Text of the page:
Doctor’s strike: A bitter pill to swallow

In a decision very unpopular with the public and the media, the BMA has confirmed that for the first time in almost 40 years Doctors will take industrial action over the implementation of major changes to the NHS pension scheme. The first day of action will be today, following consideration of the results of ballot votes in which 50% of Doctors took part.

Hospitals are facing disruption as the strike action will see Doctors providing emergency care but non urgent appointments will be rearranged.

The strike, which has been widely condemned by politicians and the public, has come at a time when millions are unemployed and families are struggling to make ends meet. The perception of many is that some doctors are more concerned for their pockets than their patients.

A BMA press release stated the proposed changes to the previous ‘fair and sustainable’ NHS Scheme, which was agreed and negotiated in 2008 by the BMA, are considered by many doctors as an erosion too far on the current system.

The changes will see Doctors paying up to 14.5% of their salaries in pension contributions compared with 7.35% for senior civil servants to receive similar pensions and they will also have to work longer to receive their pension.

Dr Hamish Meldrum, Chairman of Council at the BMA said

“This is not a step that doctors have taken lightly.”

“This will be disruptive to the NHS” but “all urgent and emergency care will be provided”.

The Industrial Action is a controversial measure that has seen MP Dan Poulter resign from the BMA.

“This is going to damage the reputation of the medical profession and its going to hurt patients”

“In 2009-10, the average GP was earning £106,000 and, under the new scheme the government set up, the average doctor, on retirement, will receive a pension of £68,000.”

“It’s important that doctors pay their fair share along with everyone else”.

The strike has received some support, Ron Singer of the Guardian:

“Today’s industrial action over pensions – …is just. There is an inherent unfairness in working longer (to 68) with higher contributions for a smaller pension. But industrial action probably would not have been supported had doctors not felt frustrated and deeply worried by the undemocratic imposition of the Health and Social Care Act and the alarming implications for future patient care it might have”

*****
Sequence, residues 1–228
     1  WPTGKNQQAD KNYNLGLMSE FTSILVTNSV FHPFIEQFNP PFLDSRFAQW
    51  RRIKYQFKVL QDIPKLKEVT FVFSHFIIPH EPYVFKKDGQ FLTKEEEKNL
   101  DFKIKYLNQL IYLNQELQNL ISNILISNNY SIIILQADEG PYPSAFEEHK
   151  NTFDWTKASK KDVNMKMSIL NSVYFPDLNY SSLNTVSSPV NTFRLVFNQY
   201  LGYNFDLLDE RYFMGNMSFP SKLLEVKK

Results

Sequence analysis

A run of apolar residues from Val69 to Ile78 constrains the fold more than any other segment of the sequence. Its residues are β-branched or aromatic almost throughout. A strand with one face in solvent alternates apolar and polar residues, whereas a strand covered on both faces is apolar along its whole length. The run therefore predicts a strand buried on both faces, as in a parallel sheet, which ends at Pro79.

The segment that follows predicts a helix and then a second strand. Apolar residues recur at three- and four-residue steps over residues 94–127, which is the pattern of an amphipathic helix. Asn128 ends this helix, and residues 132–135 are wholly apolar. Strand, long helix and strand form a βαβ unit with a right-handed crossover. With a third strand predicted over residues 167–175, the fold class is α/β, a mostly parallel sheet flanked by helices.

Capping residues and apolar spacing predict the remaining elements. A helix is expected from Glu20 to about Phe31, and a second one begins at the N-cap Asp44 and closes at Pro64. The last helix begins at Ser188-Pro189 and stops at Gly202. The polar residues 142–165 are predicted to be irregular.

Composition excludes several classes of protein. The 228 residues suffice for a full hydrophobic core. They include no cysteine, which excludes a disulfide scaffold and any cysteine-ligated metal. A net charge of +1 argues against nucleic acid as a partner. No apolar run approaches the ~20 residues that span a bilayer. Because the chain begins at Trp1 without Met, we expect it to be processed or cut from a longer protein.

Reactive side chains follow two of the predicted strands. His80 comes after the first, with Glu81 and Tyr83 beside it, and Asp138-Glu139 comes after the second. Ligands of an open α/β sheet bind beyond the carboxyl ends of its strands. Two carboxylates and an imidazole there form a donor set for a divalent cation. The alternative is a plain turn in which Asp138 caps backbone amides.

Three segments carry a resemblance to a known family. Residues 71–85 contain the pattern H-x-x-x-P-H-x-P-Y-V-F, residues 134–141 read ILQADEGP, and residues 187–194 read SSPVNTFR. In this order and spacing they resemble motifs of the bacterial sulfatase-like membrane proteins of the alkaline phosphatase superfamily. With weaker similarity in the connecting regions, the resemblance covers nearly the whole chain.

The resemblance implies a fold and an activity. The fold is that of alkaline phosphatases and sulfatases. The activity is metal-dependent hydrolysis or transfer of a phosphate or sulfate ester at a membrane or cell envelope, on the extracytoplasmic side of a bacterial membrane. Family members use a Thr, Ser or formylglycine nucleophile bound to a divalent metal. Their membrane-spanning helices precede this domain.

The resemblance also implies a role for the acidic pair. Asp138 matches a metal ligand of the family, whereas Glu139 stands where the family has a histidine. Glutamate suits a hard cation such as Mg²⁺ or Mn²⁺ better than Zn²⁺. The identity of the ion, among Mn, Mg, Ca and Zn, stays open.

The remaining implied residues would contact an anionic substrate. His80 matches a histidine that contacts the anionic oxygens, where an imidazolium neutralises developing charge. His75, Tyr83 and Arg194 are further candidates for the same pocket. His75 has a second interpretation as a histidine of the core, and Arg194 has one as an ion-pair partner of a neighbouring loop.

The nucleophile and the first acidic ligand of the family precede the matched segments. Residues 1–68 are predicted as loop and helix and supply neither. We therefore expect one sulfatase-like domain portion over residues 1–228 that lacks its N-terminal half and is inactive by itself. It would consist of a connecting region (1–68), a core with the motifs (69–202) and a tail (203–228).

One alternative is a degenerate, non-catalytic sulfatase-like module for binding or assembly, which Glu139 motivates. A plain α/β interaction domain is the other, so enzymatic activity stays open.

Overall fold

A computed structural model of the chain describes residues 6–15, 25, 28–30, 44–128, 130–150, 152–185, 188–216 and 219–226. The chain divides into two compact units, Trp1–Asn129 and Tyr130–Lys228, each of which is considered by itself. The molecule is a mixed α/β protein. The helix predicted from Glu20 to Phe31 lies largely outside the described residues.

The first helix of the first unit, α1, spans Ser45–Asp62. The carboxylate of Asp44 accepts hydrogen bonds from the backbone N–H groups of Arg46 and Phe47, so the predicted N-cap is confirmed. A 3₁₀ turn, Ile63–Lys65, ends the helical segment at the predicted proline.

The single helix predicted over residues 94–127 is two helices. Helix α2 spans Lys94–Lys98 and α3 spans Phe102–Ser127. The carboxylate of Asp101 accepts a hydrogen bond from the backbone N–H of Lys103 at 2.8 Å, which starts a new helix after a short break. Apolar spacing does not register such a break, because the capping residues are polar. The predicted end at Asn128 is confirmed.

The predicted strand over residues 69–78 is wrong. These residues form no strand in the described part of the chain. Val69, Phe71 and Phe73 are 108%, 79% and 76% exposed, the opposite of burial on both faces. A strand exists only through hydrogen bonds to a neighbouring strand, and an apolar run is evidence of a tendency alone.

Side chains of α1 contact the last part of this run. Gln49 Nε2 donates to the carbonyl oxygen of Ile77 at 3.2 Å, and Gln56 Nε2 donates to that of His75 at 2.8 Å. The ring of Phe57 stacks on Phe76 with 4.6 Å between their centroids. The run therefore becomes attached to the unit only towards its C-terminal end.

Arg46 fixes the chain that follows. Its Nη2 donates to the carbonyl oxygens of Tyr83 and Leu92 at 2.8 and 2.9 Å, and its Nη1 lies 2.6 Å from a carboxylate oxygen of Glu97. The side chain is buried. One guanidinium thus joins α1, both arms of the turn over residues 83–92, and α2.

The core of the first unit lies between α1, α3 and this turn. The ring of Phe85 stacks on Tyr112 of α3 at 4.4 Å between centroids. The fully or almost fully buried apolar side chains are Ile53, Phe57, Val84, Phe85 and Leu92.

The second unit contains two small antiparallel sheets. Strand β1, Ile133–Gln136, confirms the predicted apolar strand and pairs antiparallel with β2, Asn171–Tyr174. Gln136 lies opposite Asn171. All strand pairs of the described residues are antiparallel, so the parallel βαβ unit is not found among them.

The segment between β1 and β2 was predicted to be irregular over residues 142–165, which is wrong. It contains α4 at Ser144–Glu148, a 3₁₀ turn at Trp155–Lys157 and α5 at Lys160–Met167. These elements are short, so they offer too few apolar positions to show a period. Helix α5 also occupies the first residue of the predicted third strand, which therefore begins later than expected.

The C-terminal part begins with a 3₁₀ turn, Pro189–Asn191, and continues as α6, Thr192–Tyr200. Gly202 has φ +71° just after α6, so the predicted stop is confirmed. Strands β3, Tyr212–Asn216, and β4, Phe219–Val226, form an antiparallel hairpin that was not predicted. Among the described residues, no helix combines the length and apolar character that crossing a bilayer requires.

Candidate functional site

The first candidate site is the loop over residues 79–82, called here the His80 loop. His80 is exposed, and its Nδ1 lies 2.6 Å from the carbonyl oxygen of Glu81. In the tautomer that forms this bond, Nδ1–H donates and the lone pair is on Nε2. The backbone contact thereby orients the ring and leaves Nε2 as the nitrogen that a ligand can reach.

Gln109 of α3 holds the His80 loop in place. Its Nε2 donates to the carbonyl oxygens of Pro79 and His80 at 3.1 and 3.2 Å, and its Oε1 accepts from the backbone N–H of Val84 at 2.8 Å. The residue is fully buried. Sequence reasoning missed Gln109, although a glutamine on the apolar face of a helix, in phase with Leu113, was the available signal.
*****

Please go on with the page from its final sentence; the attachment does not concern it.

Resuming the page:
Many doctors have also spoken out about the public perception of their earnings stating that the majority of doctors do not earn the inflated wages quoted in the papers. Junior doctors are set to lose out the most as they have high levels of student debt to repay and will be forced to work for longer to receive a lower pension than their seniors.

However the decision to strike remains unpopular with the media at large. The BMA wrote an open letter to several newspapers defending the action, which was badly received by the newspapers including the Independent’s headline which read:

“Doctor, doctor: why is my GP going on strike? Because a £53,000-a-year pension deal isn’t enough…”

It will remain to be seen how many doctors will actually exercise their right to strike. Doctors are reluctant to strike for a numbers of reasons aside from the bad publicity for the profession, doctors acknowledge patients will be the ones hit the hardest for this dispute with the government.

The media have suggested the strike is however part of a wider dispute with the government over health care reforms and the reform of the NHS pension scheme is the government’s way of punishing the profession for opposing the changes to the health reforms. But it could be just another step in cutting the deficit in the Country’s ongoing austerity measures.

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